Application Dos and Don'ts

Filling out college applications can be daunting, no doubt about it. But aid and comfort is on the way! These timely tips will help you do an outstanding job on your applications.

Do read directions. Pay attention to the specific directions for each application. For example, essays and short answer questions usually ask you to write a certain number of words.

Don't rush or work on automatic pilot. Rushing through your application can cause you to miss key sections and leave in typos and misspellings. If you are filling out a paper application, fill out a practice copy first. If you are completing an online application, write your essay and short answers in separate documents that you can proof and spell check. Then cut and paste them into the application.

Do pay attention to deadlines. A college usually won't accept a late application. Different parts of an application may have different deadlines. If you are mailing an application, allow a realistic amount of delivery time and arrange for proof of delivery.

Don't procrastinate. There are probably plenty of things that you would rather be doing than filling out college applications, but putting them off to the last minute is a recipe for disaster. Give yourself plenty of time to work on your essay. Give your teachers at least a month to complete your letters of recommendation. Make sure you will have taken all required tests in time. Remember the tortoise? Slow and steady wins the race.

Do pay attention to grammar and spelling. You may be a fine college candidate, but admissions counselors won't get past your poor writing. Keep your language simple and to the point. On top of that, neatness and correct writing really make a difference in how your application is perceived. Double-check your grammar, spelling, and punctuation. Ask a parent or teacher to proof your application. If you have less than legible handwriting, and are submitting on paper, find a typewriter.

Don't let Mom or Dad fill out your application. They are not going to be around to hold your hand once you are in college. This is your job. Plus, admission officers are skilled at detecting a parent's hand in an application.

Do get organized. Staying organized is the easiest way of staying on top of your applications. Keep each application in a separate folder, make a calendar of all your deadlines, and give yourself your own deadlines so you won't put things off.

Don't make an extracurricular laundry list. Many students think a long list of activities will impress the admissions officer. But it is much more impressive to highlight those activities that got most of your attention. You want to show your commitment and leadership. Even a part-time job that you have held down over a period of time can show off these qualities.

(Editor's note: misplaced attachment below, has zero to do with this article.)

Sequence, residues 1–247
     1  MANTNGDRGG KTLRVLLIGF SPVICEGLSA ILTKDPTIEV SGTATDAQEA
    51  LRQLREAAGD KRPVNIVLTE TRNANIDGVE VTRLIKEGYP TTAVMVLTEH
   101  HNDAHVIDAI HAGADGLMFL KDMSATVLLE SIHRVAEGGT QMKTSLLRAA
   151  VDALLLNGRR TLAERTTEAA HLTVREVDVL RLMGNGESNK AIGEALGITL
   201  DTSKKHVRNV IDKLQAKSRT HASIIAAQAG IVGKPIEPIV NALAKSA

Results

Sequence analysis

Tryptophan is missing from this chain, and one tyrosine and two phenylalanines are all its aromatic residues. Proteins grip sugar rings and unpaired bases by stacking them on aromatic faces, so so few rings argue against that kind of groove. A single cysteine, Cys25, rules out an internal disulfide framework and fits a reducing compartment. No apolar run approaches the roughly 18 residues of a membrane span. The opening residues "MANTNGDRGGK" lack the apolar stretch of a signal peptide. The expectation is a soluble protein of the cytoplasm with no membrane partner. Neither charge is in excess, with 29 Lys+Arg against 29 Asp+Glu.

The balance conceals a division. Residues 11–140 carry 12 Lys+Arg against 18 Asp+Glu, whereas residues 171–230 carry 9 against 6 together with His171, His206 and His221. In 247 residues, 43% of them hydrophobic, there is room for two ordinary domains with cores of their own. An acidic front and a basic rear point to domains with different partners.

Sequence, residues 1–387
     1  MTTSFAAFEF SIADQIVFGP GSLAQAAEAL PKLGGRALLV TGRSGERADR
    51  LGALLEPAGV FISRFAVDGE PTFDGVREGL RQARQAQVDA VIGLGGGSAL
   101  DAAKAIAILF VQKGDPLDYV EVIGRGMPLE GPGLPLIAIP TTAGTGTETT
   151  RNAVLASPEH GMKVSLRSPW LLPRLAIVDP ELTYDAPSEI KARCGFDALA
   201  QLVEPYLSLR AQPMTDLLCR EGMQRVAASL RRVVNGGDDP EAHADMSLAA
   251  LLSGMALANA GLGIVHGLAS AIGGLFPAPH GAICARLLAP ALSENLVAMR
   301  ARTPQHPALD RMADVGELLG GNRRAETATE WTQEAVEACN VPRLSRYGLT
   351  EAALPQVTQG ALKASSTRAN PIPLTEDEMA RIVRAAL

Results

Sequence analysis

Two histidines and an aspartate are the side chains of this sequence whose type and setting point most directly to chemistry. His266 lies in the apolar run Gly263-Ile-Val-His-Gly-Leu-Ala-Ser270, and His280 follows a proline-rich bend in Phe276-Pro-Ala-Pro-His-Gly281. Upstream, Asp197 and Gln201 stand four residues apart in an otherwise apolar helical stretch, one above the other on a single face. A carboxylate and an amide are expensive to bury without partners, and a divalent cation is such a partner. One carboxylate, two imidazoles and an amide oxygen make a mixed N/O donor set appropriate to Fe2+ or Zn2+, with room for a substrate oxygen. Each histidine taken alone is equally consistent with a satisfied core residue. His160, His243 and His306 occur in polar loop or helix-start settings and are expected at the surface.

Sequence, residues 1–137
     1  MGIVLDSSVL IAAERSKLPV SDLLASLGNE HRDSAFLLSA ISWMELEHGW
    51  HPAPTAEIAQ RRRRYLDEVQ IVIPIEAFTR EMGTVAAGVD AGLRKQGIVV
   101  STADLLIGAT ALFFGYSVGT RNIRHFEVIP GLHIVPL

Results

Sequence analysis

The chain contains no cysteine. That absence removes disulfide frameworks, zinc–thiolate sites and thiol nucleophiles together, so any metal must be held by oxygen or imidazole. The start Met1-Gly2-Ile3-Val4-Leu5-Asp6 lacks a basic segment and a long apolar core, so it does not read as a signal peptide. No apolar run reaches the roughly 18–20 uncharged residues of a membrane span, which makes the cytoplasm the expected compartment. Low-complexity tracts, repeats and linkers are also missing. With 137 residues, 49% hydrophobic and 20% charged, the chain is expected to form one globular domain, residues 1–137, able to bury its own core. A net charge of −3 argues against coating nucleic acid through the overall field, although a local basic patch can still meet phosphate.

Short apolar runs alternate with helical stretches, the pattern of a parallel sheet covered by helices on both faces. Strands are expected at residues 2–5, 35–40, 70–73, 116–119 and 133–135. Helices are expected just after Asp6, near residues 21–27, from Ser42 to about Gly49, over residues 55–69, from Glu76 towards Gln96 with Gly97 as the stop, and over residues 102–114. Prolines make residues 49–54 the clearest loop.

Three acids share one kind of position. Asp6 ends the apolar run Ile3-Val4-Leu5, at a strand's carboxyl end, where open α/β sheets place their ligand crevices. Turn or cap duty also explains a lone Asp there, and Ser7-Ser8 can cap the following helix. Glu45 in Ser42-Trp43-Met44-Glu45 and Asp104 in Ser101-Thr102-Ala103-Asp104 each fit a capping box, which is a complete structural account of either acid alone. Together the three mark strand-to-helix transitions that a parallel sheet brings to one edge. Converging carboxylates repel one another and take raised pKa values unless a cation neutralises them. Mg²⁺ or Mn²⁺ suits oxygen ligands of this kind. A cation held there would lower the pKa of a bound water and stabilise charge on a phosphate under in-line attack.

Do use a respectable e-mail address. Most colleges ask you for an e-mail address so they can notify you of your application status. It's smart to create a separate account for your application correspondence. Set up an account you can check from anywhere. This is not the time to use an address that is sarcastic or offensive. Choose a simple and adult-friendly username.

Don't take shortcuts on your essay. As tempting as it might be, don't "borrow" your essay from the Internet or a friend. Don't let someone else write or rewrite it. Don't write a generic essay that you use for all your apps. Write an essay no one else could have written. Your essay should address the topic, make you stand out as a unique person, and explain why you want to attend that college. Take time to make it as polished, correct, and compelling as possible. Admission officers do read essays closely and can tell when you put in a genuine effort.

Do keep all correspondence. Keep and date all information that you and a college have exchanged. Keep letters, print e-mail messages, and make notes of phone calls. Note the date and time received. Make a folder for each college in which to keep these records. Colleges receive an enormous number of applications, which can lead to a few mistakes. You may need to prove that you sent or received a document by a certain date.

Don't forget other application pieces. If you are applying online, it's easy to think you are done when you click the submit button. Be sure to finish all the steps, such as arranging for teacher recommendations and completing supplements and financial aid documents.

Do clean up any social networking spaces. If you think the admissions officer will never look at your My Space or Facebook profile, you may be right. But you may be wrong. Don't take the risk.

Don't forget to breathe. Don't panic when you can't figure out an application question or don't know how to supply requested information. When you are stressed out you are more likely to make mistakes. Calm down, ask for help, or come back to the tough questions later. Both your peace of mind and your admission chances are bound to improve.

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